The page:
During the subsequent English winter of 1999-2000, Taylor was part of the touring party that travelled to Australia and New Zealand for nine ODIs. The tour was a failure for the team: they lost all nine international matches, and their only win was a warm-up match against Wellington, in which Taylor scored 83 runs. She secured another half-century in the second ODI against New Zealand, scoring 56 runs after opening the innings. In a series in which England’s batting was described as dismal, her half-century was one of only two in ODIs during the tour, and Wisden reported that giving Taylor an “overdue opportunity” was one saving grace of the trip. She struggled for runs in the series against the touring South Africans in 2000, aggregating 68 runs from five innings, as once again the English batting – particularly the top order – was criticised. After the conclusion of the series, Taylor struck a century in a county match, scoring 115 runs for Berkshire against Surrey.
England’s “slide down the international ladder” continued during the 2000 Women’s Cricket World Cup, according to Wisden. The batting was once more culpable, but Taylor provided some relief. She scored 267 runs in the tournament at an average of 66.75, ranking her among the top ten batsmen. She struck her first century in international cricket; scoring 137 not out against Sri Lanka. In doing so, she shared a partnership of 188 runs with Jane Cassar, which is a record for the fifth wicket in women’s ODIs. England failed to qualify from the group stage of the competition.
After the 2000 World Cup, Taylor wanted to focus on her desire to become one of the best batsmen in the world. In order to achieve this, she decided to become a full-time cricketer. After university, she had joined Procter & Gamble, and by 2001 she was earning 38,000 as an IT assistant manager at the company. In contrast, her income from cricket totalled 7,000, and in order to afford to quit her IT job, she had to move back in with her parents. England’s next series was against the World Cup runners-up, Australia, who toured in June and July 2001. England’s batting remained unreliable, and Australia won all five matches between the sides: two Test matches and three ODIs. Taylor was praised as the only highlight of the English batting; her innings of 50 not out was the highest score by her side in any of the ODIs. In the second Test, she significantly improved on her previous best Test score of 18 runs, batting for over four hours in a gritty performance to reach 137 runs. Taylor missed the tour of India in January 2002 after injuring her knee in a training session, but returned the following summer with a string of good performances in the Super Foursa competition in which the England selectors place the 48 leading players into four teamstrailing only her England team mate Charlotte Edwards as the leading run-scorer. In the four ODIs that season, against New Zealand and India, Taylor failed to make an impact, scoring just 43 runs in total.
Ahead of a tour by the England women to New Zealand and Australia, Taylor competed in the State League, a one-day competition in New Zealand, for the Canterbury Magicians. She finished the tournament in the top-five batsmen, scoring 252 runs at an average of 42.00. Unfortunately for England, her good form did not continue into the international matches: in her seven ODI matches, she scored 87 runs. She continued to struggle at the start of the 2003 English domestic season, prompting Wisden to report that she “had barely scraped a run” in the County Championship matches. Despite her struggles, she survived an overhaul of the England squad, in which seven of the players who had toured Australia and New Zealand had been dropped. She repaid the faith shown in her, striking centuries in both Test matches against South Africa. The first, a score of 177 runs, was the highest total she made in Test cricket, and was scored over six and a half hours, and was just twelve runs short of the highest by any England woman. Two weeks later, she became one of only five women, as of 2012, to have scored centuries in consecutive Test matches, when she scored 131 runs at Taunton. Her performances in the ODI series were less eye-catching, but a half-century in the first match helped her finish second to Laura Newton as England’s leading run-scorer.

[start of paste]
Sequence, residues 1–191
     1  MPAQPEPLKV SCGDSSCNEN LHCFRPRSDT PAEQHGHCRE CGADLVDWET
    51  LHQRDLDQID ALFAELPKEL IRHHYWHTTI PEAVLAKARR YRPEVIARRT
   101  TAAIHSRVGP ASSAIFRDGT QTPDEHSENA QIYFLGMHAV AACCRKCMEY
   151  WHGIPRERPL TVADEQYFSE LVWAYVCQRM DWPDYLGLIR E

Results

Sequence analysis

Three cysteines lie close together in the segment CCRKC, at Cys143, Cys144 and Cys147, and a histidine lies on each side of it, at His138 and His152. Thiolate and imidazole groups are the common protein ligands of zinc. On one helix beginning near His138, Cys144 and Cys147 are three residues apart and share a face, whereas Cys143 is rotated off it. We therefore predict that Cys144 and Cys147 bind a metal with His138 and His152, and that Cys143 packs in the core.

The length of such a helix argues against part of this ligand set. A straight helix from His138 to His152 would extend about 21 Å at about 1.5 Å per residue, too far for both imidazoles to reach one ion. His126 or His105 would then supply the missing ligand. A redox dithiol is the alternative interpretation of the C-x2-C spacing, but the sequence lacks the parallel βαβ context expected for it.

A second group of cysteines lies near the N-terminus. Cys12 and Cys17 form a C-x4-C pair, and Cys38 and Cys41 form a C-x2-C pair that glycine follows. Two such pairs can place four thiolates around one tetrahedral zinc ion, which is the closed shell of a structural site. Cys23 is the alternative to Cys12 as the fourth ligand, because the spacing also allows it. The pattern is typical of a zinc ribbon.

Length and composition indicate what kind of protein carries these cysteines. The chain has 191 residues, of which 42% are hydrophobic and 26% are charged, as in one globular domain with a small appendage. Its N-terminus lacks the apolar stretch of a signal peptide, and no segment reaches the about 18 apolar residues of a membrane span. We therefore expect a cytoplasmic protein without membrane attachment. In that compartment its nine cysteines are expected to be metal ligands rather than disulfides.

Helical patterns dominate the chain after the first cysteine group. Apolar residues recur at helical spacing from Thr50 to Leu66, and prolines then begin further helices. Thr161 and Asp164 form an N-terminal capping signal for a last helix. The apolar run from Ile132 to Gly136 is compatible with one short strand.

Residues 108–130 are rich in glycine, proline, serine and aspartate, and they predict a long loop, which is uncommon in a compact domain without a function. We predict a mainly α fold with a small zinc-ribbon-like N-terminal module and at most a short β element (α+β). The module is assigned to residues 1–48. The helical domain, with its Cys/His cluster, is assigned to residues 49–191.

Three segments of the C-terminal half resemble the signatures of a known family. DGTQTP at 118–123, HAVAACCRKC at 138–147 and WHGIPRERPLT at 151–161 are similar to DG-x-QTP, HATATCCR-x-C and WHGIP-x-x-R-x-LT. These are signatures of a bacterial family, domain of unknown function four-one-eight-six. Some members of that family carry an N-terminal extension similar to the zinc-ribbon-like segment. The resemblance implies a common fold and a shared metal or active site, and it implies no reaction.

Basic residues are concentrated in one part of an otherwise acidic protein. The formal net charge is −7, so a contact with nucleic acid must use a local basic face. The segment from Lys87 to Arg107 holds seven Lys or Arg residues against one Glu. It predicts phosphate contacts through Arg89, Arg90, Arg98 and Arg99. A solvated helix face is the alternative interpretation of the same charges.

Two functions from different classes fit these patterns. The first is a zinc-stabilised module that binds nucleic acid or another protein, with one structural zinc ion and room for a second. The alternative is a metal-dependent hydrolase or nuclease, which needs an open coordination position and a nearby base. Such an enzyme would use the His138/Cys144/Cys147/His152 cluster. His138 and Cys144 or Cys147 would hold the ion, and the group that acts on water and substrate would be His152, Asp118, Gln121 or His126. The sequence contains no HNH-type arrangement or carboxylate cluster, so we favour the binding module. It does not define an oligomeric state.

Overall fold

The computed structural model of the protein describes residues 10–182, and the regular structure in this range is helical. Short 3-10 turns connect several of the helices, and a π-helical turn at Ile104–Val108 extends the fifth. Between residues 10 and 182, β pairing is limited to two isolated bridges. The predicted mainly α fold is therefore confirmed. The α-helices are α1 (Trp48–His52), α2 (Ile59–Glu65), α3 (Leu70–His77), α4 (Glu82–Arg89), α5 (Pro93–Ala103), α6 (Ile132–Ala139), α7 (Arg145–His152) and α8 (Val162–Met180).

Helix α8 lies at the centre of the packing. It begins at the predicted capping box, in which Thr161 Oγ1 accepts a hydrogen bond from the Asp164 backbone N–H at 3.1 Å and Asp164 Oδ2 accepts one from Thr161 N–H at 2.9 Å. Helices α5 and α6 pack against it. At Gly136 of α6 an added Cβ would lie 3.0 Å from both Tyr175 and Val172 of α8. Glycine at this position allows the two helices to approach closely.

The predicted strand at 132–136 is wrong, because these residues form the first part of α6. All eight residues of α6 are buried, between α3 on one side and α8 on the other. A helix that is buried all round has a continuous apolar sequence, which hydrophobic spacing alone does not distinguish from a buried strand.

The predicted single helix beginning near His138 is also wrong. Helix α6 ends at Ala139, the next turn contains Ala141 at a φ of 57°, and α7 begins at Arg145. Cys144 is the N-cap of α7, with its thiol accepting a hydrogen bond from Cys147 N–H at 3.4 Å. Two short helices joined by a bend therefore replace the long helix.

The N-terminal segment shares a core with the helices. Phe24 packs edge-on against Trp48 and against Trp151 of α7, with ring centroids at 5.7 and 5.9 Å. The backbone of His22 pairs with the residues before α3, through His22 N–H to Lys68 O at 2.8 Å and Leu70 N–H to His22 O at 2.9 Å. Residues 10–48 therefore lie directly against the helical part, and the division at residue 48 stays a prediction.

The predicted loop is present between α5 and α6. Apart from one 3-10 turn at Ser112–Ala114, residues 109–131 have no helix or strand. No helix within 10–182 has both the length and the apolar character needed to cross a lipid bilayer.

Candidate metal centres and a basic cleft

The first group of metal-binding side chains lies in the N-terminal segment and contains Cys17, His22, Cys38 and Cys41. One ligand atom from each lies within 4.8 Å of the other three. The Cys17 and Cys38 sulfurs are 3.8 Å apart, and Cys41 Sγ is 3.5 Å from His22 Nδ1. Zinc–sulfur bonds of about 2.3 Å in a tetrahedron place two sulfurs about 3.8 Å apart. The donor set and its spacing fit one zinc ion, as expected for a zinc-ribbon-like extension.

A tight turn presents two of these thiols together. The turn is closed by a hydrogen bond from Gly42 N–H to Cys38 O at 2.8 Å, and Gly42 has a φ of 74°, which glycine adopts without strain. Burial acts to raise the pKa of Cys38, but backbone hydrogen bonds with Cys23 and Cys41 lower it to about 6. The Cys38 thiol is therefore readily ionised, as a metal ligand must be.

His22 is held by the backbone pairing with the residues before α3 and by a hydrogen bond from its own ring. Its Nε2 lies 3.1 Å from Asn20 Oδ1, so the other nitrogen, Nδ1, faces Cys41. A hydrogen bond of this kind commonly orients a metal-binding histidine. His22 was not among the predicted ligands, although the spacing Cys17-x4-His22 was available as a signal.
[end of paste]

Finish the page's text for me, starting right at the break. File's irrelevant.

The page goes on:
Taylor competed in the State League for the second consecutive year in early 2004, and finished with the second-most runs in the competition, scoring 401 runs at an average of 44.55. From New Zealand, she travelled to South Africa to join up with the England team for five ODIs. After scoring 90 runs in a warm-up contest against an Invitational XI, she finished as England’s second most prolific run-scorer behind Edwards, though she only once reached a half-century in the international matches. Back in England for the 2004 Super Fours competition, Taylor and Edwards once more headed the batting tables, Taylor narrowly trailing her international team mate in terms of runs scored, but ahead of her on batting average, having scored 351 runs at 87.75. In the subsequent series against New Zealand, Taylor was the top-scorer in the first Twenty20 International match played by either gender. Despite the quicker-scoring nature of the Twenty20 game, Taylor was praised for her measured batting and placement. In the ODIs, England possessed greater depth in their batting, making the team less reliant on Taylor and Edwards’ performances. That depth helped them to win the series 3-2, despite a low-scoring sequence of matches for Taylor in which she averaged below twenty.